Paul de Borman was a Belgian tennis player who was active during the early part of the 20th century. He is regarded as a pioneer of Belgian tennis. From 1946 to 1947 he was president of the International Tennis Federation.
De Borman was co-founder of the Royal Léopold Club in 1898. Between 1904 and 1919 he played in ten ties for the Belgian Davis Cup team, then called International Lawn Tennis Challenge. His best Davis Cup performance came in 1904 when, together with William le Maire de Warzée, they reached the final of the World Group in which they lost to the British Isles. That same year he reached the semifinal of the 1904 Wimbledon Championships in which he lost to Major Ritchie in straight sets.
In 1903, he won the Ostend International tournament beating American Clarence Hobart in the final.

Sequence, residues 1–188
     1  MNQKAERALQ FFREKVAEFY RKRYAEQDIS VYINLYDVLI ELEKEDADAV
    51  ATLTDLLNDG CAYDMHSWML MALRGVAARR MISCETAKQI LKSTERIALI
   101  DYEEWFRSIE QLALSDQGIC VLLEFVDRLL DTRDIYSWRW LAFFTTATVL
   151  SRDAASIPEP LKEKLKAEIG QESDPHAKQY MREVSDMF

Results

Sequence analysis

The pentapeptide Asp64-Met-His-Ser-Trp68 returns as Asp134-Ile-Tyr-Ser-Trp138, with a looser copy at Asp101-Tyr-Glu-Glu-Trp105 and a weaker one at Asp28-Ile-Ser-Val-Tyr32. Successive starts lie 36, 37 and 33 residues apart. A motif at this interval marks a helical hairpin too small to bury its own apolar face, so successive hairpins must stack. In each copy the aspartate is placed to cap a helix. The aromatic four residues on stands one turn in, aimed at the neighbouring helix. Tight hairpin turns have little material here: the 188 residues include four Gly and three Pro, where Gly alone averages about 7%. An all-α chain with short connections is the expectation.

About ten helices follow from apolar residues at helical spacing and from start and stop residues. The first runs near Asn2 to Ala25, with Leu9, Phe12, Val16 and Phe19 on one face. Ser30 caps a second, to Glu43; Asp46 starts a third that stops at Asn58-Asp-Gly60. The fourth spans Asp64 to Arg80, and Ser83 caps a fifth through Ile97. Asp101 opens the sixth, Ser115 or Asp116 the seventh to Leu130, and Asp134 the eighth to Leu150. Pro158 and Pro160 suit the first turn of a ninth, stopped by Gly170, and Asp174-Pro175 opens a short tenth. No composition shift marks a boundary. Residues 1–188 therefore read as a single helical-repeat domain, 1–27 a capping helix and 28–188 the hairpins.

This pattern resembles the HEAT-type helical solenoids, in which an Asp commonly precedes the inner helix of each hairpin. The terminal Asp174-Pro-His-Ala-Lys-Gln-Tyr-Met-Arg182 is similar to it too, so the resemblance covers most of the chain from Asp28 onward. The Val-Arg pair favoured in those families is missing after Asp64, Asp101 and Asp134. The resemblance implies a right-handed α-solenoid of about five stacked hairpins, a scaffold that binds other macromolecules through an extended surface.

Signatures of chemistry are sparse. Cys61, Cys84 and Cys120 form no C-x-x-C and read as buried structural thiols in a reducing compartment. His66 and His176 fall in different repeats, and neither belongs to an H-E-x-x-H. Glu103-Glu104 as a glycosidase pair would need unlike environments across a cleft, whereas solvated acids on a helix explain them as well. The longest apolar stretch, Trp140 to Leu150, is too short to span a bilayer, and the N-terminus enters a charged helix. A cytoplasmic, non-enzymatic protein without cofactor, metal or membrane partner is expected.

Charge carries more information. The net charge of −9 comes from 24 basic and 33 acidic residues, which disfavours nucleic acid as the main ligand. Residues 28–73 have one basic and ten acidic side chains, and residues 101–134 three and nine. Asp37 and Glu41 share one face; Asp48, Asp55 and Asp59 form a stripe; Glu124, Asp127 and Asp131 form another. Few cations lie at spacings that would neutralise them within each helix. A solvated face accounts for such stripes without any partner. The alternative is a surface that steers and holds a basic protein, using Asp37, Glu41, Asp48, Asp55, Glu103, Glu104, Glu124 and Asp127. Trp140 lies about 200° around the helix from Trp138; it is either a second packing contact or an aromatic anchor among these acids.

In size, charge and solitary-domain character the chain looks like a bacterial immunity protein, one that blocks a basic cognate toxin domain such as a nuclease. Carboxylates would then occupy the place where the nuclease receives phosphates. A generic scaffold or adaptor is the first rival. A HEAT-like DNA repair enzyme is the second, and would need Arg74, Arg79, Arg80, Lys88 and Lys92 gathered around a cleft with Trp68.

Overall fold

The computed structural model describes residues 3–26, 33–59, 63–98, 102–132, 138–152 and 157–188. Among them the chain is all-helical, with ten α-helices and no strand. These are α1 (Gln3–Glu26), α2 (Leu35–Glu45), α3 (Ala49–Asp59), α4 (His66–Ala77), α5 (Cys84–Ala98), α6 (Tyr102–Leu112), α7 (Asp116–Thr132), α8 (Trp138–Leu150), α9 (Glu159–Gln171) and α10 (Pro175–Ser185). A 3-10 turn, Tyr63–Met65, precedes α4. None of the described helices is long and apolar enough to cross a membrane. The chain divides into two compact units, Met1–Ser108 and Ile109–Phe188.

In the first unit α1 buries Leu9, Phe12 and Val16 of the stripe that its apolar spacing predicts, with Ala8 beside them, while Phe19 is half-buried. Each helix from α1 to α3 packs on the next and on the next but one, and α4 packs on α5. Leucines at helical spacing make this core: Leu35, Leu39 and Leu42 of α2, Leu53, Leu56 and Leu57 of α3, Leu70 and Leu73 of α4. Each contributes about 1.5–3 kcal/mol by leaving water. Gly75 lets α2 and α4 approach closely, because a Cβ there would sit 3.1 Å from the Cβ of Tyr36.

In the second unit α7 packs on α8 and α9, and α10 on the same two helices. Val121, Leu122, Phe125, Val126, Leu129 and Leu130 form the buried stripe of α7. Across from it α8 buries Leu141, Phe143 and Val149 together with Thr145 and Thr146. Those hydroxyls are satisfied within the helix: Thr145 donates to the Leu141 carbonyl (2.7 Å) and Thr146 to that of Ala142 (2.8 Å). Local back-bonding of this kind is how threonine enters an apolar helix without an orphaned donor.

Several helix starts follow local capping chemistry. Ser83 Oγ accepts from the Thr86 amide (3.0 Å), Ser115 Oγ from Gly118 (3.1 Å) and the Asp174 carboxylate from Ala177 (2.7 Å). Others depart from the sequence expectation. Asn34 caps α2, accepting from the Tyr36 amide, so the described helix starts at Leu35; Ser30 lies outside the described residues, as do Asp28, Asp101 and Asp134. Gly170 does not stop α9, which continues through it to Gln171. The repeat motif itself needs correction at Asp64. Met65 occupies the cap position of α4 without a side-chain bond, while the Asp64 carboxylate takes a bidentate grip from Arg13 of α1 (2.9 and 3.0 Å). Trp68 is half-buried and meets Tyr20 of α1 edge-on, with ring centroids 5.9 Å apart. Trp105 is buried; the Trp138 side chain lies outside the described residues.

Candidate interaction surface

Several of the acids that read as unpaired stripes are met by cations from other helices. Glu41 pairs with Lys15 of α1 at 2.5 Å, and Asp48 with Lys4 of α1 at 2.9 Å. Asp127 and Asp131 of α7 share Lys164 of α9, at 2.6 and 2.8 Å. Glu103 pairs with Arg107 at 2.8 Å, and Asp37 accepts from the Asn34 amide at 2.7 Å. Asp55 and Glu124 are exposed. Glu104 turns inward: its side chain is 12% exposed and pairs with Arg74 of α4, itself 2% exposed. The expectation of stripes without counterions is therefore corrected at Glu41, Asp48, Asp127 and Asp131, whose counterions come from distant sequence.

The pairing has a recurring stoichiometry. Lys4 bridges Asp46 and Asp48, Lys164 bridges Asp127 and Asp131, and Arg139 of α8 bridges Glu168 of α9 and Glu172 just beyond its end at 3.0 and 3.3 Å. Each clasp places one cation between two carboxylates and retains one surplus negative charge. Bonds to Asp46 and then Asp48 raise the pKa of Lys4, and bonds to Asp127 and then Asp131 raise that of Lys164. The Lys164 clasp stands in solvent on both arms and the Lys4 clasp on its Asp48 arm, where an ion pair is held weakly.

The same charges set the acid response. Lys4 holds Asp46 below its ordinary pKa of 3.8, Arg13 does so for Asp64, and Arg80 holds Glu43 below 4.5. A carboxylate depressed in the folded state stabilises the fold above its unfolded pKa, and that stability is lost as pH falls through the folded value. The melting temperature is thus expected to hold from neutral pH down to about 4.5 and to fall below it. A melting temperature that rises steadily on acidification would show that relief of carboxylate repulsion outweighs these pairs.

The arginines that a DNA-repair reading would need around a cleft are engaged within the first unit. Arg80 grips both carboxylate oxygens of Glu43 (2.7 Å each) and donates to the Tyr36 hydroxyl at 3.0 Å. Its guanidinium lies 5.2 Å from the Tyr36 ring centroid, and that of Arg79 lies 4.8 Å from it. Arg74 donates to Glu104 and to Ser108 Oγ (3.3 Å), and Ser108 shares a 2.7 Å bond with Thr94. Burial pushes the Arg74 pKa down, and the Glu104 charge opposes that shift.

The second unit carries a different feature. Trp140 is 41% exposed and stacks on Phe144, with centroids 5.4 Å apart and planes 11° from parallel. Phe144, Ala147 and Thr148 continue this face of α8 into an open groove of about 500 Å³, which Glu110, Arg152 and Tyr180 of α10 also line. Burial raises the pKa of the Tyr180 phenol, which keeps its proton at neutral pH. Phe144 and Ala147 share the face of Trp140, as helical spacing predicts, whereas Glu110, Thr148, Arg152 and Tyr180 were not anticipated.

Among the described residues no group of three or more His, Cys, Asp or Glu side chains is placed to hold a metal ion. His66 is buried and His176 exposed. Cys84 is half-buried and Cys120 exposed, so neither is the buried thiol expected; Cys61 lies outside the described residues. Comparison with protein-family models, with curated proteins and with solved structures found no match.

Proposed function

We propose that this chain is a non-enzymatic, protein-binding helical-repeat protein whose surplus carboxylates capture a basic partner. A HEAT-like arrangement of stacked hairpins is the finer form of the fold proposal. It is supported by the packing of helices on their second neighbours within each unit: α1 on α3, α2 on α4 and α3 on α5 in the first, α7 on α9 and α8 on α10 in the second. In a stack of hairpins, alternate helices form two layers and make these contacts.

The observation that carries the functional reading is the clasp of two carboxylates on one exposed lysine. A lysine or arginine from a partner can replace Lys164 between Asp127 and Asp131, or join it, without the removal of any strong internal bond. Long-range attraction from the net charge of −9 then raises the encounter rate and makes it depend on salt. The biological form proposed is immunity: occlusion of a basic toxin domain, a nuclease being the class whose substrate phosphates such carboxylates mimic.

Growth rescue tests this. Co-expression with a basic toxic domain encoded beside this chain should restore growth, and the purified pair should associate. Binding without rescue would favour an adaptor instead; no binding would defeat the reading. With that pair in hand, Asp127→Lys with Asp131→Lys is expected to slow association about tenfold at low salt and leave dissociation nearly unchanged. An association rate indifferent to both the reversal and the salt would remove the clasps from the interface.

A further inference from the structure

De Borman was a nine-time Belgian national singles champion between 1898 and 1912 and 3 more titles in gentlemen's doubles and 2 titles in mixed doubles. Afterwards he became chairman of the tennis department at the Royal Léopold Club in Brussels. In his book "Lawn Tennis at Home and Abroad" (1903) A. Wallis Myers describes De Borman: "His style is not graceful, but he plays a strong game and is plucky in a match. He has a difficult reverse cut service and a great forehand drive, which he takes at the top of the bound with a straight arm, which causes the ball to shoot when it touches the ground."
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